But it is also worth noting that the 1893 topo map *does not show a place called Shawsheen" http://historical.mytopo.com/getImage.a ... g&state=MA

Rather even as late as 1893, the area of the *future* Shawsheen station was Frye Village.

It is also worth noting that the Shawsheen River (or its tributaries) are really present close enough to all possible sites that to say that the embankment was near/in/down at/toward the Shawsheen is really just to confirm that basically all the embankments in the area were "above" the Shawsheen.
  by number7
Arlington is right, there are many accounts on this accident and none are very precise. What we need is either an offical accident report or a newspaper report from when it happened. It's possible that even a newspaper report may not be accurate enough.

The best information that I have seen comes from the Andover Historical society which said that it was between two present day streets next to the embankment just south of Haverhill St and the Shawsheen station.

However, they could be wrong.

The location is definitely is a possibility. I was there by chance on Sunday (yesterday), and the embankment is steep enough to go reek havoc with a wooden car.

I dont' understand how the car would have gotten all the way over to between those two streets.

Were there no houses on Arundel St? If there were I would think the car would have hit one.

Also, the train was either running wrong iron or back then the line was single tracked.

If the 40mph report is correct then they weren't planning on stopping at Shawsheen station.

At this point, truthfully, we have only enough evidence to be reasonably certain that the accident did occur in Andover. Everyone seems to agree on that.

The other problem is that it was it was 160 years ago. A lot can change in that amount of time.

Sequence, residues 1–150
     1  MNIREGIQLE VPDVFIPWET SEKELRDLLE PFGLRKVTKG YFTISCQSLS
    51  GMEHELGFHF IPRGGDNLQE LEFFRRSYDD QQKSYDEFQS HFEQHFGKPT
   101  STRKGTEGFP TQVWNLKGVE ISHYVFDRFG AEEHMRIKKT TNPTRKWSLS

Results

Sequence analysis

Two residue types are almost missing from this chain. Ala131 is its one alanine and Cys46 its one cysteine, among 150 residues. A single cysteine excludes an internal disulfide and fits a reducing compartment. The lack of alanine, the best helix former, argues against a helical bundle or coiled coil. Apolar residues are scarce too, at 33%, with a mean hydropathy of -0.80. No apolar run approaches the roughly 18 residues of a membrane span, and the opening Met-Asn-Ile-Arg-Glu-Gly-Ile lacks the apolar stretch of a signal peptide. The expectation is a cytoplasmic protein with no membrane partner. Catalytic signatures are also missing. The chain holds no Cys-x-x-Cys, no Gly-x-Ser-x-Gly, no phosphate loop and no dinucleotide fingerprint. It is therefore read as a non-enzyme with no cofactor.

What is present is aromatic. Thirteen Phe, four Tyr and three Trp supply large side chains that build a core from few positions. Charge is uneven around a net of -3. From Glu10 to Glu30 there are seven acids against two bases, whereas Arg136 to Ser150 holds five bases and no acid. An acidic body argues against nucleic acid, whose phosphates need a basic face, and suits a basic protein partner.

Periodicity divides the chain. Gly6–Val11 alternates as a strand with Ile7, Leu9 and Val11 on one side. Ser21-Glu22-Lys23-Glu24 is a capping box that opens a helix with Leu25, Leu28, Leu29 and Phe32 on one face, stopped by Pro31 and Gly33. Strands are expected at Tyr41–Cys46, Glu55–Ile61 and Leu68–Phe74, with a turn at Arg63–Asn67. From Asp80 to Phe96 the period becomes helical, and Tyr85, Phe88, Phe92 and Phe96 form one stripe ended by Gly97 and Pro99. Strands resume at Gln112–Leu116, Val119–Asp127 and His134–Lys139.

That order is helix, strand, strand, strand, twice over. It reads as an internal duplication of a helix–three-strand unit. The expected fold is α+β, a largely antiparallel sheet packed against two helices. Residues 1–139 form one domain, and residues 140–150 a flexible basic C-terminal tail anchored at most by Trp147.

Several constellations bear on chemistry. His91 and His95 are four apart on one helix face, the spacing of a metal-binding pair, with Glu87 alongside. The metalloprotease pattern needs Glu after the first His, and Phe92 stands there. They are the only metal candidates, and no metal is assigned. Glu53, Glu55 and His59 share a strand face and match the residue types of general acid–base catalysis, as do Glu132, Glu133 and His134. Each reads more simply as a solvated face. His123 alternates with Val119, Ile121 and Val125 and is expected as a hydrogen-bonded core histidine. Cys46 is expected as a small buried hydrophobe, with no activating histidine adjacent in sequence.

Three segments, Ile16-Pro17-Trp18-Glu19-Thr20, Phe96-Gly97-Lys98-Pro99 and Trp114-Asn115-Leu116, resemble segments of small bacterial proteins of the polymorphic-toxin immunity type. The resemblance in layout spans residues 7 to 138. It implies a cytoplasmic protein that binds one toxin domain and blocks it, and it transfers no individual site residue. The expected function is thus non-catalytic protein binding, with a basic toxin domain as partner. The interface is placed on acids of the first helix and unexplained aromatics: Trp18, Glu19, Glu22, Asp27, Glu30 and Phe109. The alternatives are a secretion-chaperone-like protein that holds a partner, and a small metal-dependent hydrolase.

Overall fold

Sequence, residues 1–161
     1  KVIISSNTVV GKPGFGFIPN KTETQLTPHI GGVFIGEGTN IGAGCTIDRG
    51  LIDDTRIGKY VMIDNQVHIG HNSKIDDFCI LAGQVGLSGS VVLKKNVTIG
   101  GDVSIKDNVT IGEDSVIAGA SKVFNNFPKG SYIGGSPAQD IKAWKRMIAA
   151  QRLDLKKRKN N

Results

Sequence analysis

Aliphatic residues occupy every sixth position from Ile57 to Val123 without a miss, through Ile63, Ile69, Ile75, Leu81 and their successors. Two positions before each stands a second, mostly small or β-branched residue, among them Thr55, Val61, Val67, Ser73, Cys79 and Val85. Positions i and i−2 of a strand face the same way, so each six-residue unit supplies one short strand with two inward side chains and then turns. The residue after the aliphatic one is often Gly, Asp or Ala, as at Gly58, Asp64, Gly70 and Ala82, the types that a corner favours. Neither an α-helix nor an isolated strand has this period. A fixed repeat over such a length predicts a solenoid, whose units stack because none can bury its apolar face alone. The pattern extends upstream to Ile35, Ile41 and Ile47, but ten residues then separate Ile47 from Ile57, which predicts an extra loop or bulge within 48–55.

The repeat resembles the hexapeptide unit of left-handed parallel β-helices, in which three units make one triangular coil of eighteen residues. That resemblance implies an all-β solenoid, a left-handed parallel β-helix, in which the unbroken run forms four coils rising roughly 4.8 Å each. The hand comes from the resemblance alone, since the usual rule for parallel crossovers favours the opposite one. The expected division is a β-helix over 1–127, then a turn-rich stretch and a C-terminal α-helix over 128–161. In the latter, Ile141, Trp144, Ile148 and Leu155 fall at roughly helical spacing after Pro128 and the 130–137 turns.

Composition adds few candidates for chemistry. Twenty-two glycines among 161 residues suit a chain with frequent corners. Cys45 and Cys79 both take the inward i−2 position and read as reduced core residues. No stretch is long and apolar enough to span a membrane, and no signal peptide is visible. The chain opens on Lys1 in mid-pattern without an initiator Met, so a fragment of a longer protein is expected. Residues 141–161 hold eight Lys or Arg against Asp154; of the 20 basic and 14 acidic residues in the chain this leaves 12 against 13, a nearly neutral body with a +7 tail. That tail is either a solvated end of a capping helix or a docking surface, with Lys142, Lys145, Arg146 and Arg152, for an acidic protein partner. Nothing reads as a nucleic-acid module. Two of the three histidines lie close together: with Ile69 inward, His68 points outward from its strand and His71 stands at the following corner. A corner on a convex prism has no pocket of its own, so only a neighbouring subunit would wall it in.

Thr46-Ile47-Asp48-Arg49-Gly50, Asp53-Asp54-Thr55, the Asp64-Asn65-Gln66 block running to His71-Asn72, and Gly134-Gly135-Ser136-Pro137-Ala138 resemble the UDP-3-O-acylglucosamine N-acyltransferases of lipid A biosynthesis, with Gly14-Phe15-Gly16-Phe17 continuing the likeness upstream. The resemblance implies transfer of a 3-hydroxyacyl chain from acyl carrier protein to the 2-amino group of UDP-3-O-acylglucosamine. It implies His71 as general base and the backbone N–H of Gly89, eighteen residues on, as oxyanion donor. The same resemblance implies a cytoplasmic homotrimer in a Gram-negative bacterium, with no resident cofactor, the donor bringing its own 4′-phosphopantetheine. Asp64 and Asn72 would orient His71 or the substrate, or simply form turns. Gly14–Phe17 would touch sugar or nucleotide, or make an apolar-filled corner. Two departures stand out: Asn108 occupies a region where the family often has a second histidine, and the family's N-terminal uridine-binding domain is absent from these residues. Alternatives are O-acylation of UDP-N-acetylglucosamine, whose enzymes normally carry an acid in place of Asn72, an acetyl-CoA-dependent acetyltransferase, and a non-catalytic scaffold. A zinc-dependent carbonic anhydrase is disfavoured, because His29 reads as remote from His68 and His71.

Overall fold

by number7
"Franklin Pierce visited the Central Street Andover home of his sister-in-law frequently. On January, 6, 1853 Pierce and his family left the home and boarded a train in Shawsheen Village Station for Concord, New Hampshire. The President-elect planned to remain in Concord until his inauguration as the fourteenth president. The train had not traveled far when it toppled down a hill. The current location of the accident is between Argyle and Arundel Street. Pierce's son Benjamin was killed in the accident.

This was the information that I thought came from the Andover Historical Society, instead it was the library.

If they were visiting someone on Central St, they would not have gone to the Shawsheen Village station, it's too far. Central St is close to the Andover station.

I still question the report of the accident being between Argyle and Arundel St. Makes no sense.

Besides, the location given in this article is south of the station where they allegedly got on going north. Thus the above report clearly was not carefully researched.

If the report of them visiting people on Central St was true then we can be certain they went to the Andover station Betweeen the Andover station and the Lawrence town line there are plenty of embankments that the train car could have gone down as a result of a broken axle.

The question is of course, which one?